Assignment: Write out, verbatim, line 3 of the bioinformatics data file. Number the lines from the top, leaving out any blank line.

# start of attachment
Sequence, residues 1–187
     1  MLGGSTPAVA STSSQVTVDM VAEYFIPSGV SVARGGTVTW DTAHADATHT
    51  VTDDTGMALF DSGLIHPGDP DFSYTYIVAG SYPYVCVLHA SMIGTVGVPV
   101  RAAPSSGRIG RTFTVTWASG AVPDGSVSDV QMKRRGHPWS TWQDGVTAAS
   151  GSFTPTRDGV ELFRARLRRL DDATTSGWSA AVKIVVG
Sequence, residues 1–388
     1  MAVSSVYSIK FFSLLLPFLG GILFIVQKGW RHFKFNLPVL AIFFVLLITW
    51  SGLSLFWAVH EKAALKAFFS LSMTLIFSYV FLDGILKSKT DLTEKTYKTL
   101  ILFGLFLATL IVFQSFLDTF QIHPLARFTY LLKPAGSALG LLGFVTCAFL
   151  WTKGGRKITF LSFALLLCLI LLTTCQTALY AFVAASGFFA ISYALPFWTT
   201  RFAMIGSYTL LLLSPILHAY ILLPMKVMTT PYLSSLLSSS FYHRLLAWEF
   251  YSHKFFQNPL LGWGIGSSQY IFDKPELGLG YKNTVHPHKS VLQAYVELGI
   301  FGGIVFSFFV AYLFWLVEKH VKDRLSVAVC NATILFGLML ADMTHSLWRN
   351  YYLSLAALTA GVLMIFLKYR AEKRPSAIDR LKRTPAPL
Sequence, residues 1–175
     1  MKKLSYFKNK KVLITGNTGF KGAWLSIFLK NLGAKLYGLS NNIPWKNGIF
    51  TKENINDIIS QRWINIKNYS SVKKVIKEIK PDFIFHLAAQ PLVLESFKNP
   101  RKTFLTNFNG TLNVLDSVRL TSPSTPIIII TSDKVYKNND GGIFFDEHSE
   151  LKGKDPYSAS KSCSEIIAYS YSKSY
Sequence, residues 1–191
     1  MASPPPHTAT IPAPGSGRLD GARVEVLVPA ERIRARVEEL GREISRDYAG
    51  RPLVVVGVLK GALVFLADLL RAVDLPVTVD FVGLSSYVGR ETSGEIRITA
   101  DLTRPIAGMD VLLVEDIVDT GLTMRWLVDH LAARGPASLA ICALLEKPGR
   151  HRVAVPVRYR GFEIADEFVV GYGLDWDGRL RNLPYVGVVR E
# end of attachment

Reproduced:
    51  VTDDTGMALF DSGLIHPGDP DFSYTYIVAG SYPYVCVLHA SMIGTVGVPV